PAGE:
Updated: Feb 15, 2018
We are pleased to announce the success of the two public meetings last week! We heard from a lot participants about their vision for a future trail, as well as what amenities it should include, and destinations it should connect to. The following are some of the key points from the meetings.
The Rio Grande:
“Embrace it and celebrate it”
Would like the trail to stick as closely to the river as possible
Touch on historical crossing points and modern day border crossings
Emphasize cultural landscapes of route
The levees and canals represent the cultural identity and history of the area (farming, the flow of the Rio Grande, etc.)
Highlight neighborhoods on both sides of the border to “re-personalize” them and bring out community stories
Support for businesses along both sides of route
Local artist opportunities to make it truly local
Tie to historical events/markers/periods
San Elizario area
Paso del Norte Crossing point (Oñate’s crossing point)
Whole valley’s history
Rio Bosque connection
Weave multiple themes together
Social/environmental justice of trail routes
Create safe routes to schools and have trails that can be used for day-to-day activities, not just recreation
Amenities & Trail Design Features
Plan for wide accessibility for multiple user groups, especially those with disabilities.
Signage could indicate difficulty levels and distance/walk/bike times
Mile markers to identify where you are…
Make sure to consider all modes of transportation as complementary (take a multi-modal approach to design)
Sustainability and environmental concerns
Look into the use of sustainable materials
Use recycle materials along trail – specifically for trail surface (there may be a way to use recycled tires)
Use local materials where possible, not just recycled materials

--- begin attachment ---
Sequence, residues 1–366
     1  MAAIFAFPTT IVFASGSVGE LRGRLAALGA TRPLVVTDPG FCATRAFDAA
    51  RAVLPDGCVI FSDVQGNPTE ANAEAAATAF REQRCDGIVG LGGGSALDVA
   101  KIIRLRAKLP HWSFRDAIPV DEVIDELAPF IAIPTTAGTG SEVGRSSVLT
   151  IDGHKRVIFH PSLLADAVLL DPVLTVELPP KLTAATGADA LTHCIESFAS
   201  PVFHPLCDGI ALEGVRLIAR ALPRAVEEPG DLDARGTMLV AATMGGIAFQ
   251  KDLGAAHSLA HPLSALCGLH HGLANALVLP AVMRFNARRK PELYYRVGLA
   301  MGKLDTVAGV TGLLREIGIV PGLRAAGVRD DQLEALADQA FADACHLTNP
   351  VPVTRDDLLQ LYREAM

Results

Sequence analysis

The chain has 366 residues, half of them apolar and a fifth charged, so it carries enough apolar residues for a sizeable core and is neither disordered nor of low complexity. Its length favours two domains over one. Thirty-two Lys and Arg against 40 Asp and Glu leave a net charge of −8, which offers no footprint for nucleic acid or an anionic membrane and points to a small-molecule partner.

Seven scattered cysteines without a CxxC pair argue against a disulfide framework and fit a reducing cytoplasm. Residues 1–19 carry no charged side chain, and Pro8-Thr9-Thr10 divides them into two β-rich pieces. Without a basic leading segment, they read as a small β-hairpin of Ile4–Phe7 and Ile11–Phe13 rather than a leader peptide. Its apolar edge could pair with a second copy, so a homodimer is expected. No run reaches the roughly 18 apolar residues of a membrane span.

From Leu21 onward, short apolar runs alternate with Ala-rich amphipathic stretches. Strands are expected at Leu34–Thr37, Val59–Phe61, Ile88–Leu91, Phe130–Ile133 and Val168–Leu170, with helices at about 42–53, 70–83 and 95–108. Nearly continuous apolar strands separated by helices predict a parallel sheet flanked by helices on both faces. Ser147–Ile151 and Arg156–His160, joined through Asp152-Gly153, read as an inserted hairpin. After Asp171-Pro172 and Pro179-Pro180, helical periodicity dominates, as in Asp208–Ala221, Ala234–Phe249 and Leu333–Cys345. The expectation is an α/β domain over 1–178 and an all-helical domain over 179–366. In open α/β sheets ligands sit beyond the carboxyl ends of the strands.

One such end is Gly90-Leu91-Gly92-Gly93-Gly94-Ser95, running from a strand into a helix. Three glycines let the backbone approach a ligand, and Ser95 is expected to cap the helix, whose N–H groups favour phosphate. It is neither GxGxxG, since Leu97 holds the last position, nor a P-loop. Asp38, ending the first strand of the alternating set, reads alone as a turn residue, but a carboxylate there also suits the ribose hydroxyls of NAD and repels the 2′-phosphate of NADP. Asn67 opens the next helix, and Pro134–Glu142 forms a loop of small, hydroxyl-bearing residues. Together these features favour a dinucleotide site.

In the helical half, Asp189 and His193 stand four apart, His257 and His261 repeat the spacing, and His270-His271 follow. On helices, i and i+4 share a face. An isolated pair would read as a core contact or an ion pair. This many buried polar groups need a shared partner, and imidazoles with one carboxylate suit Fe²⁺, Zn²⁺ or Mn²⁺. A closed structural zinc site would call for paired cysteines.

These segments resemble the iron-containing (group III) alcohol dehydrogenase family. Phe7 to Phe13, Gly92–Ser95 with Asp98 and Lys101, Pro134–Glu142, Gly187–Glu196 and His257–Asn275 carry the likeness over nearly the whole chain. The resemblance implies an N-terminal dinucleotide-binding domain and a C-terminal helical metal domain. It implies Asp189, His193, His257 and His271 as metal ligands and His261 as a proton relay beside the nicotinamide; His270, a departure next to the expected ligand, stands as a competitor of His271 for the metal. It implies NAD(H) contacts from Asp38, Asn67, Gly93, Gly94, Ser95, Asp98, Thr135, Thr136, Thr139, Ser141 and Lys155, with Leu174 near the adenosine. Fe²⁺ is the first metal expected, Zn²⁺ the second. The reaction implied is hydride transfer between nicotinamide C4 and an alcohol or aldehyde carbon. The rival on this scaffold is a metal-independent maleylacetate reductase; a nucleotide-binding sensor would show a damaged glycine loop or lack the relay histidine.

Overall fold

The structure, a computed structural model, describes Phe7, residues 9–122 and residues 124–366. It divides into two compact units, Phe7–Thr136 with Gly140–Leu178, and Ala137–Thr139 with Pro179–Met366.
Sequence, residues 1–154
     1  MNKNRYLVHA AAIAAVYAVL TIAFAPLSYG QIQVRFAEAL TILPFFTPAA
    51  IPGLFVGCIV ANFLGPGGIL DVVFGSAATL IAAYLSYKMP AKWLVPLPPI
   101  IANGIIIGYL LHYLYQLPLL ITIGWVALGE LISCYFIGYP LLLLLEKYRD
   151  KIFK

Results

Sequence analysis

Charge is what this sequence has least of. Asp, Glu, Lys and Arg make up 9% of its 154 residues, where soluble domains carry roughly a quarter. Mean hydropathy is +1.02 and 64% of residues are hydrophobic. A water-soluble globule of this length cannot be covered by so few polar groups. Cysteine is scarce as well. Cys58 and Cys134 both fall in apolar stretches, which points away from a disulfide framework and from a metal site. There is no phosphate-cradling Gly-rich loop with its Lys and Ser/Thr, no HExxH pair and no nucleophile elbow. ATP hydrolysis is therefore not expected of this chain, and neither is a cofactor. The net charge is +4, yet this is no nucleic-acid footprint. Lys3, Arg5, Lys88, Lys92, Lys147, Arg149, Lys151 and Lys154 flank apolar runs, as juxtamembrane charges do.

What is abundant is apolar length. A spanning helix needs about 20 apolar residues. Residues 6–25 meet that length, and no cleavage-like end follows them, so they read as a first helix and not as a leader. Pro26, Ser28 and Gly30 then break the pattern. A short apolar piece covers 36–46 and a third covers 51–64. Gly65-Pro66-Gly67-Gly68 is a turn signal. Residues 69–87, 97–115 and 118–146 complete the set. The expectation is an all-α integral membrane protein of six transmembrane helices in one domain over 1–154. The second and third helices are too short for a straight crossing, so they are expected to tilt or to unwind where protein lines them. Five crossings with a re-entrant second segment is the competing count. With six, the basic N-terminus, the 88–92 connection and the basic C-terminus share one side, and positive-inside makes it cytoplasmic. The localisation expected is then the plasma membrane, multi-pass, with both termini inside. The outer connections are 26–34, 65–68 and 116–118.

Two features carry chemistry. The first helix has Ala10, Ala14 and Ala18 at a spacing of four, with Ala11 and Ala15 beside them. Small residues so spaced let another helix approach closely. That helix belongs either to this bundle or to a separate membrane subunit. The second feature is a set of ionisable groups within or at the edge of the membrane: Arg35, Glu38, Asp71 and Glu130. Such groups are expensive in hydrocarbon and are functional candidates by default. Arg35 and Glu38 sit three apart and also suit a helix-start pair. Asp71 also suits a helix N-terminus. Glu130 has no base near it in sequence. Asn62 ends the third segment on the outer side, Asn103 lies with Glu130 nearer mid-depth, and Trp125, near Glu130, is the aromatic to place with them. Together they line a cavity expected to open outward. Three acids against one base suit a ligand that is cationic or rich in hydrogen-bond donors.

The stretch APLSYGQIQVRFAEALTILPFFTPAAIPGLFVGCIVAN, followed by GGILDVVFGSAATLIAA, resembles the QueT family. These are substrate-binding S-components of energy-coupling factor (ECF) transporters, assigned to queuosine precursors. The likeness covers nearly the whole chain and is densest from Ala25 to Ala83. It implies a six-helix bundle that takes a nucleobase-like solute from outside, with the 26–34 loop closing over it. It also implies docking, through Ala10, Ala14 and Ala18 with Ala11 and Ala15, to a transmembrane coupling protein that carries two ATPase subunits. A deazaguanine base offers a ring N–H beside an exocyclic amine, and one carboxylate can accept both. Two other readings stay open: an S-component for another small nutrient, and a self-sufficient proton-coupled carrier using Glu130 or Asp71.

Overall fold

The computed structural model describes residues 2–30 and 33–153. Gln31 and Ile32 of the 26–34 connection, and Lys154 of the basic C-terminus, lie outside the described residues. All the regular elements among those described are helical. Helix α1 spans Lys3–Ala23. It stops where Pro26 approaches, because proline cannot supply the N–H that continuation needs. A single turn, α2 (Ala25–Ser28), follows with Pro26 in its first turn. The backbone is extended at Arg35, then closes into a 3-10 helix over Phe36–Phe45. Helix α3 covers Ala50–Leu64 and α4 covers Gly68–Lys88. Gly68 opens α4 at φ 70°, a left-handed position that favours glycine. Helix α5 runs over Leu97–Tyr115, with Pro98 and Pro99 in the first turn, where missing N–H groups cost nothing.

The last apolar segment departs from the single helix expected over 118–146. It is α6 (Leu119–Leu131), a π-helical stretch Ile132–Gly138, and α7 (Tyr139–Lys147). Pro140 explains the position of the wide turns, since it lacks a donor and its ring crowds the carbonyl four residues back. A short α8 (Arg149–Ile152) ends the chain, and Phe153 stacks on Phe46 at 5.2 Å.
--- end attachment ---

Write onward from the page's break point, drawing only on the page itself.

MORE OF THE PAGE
Surfacing materials are important to consider
Concrete is hard on runners – the Katy Trail in Dallas has a good paved surface
Wayside exhibits and interpretive signage.
Interpretative design features highlighting each neighborhood
Markers for historical areas/sites
Make interactive and use new technologies to appeal to multiple age groups.
Scavenger hunt, QR codes, learning opportunities and prizes)
Sponsorships from businesses
Need for shade: create shade “oases” along route.
Make pet friendly and provide access to water
Community gardens along route
Rio Bosque Wetland in Socorro is an important asset to connect to. The wetlands are a draw for bird watching, internal trails, and other outdoor amenities.
Possibility to connect to Mesilla Valley Bosque State Park in Mesilla, NM
Old Asarco Plan is the “keystone” to this project as it is a barrier as well as close to the original “Paso del Norte”
Highway 621/180/Montana are another possible connection/corridor to consider
Tigua Indian land/areas are important (they own sites along the river)
EPCO Historic District
Historical Missions and Mission Trail
Tie to Transit Orientated Design/Development (TOD) areas
How do we plan to work with Railroad, the Water District and other entities that own right-of-way along trail route? There are areas along existing railroad tracks that are hard/impossible to cross. Will the various railroad companies allow the use of their right-of-way? Are there liability concerns near tracks or ditches?
Railroad is a major obstacle in Downtown – can be 30-minute wait for train switching
Need over/underpass connections
There may be challenges as well as opportunities in following ditch/irrigation channels due to service roads.
Border fence creates “militarized” area along downtown – how do we deal with that?
Coordinate with IBWC regarding access to and near the river.
It’s really hard to bike on the west side due to traffic/connection issues
EP Bike Club, Velo El Paso are aware of routes through Downtown/UTEP
Upper Valley to Downtown Gap:
Paisano Bike Corridor – a clear connection opportunity that TxDOT has not supported
There may be a way to use EP Electric Company easements
Problems and opportunities in this area to creating connections and safe routes to school
There are issues with the existing County Club Trail that “just ends”
El Paso Marathon Routes
Could be a national draw
It’s hard to find places to run in El Paso
Ft Bliss used to allow access for the route, but no longer
I-10 is a major impediment to finding a route.
Fabens and Mesilla are the closest opportunities for riverside bike and running routes.
General safety concerns of biking in El Paso
Maintenance along entire route may be difficult to coordinate
Mosquitos are a concern along the river and similar rural areas
How will this project be phased and built?
Questions about how and when environmental assessments/issues will be addressed in this project.
Who will operate and manage trail in the future?
How will maintenance be handled?
Notes from each meeting can also be viewed here (Title: PDN Trail Public Meeting Notes August)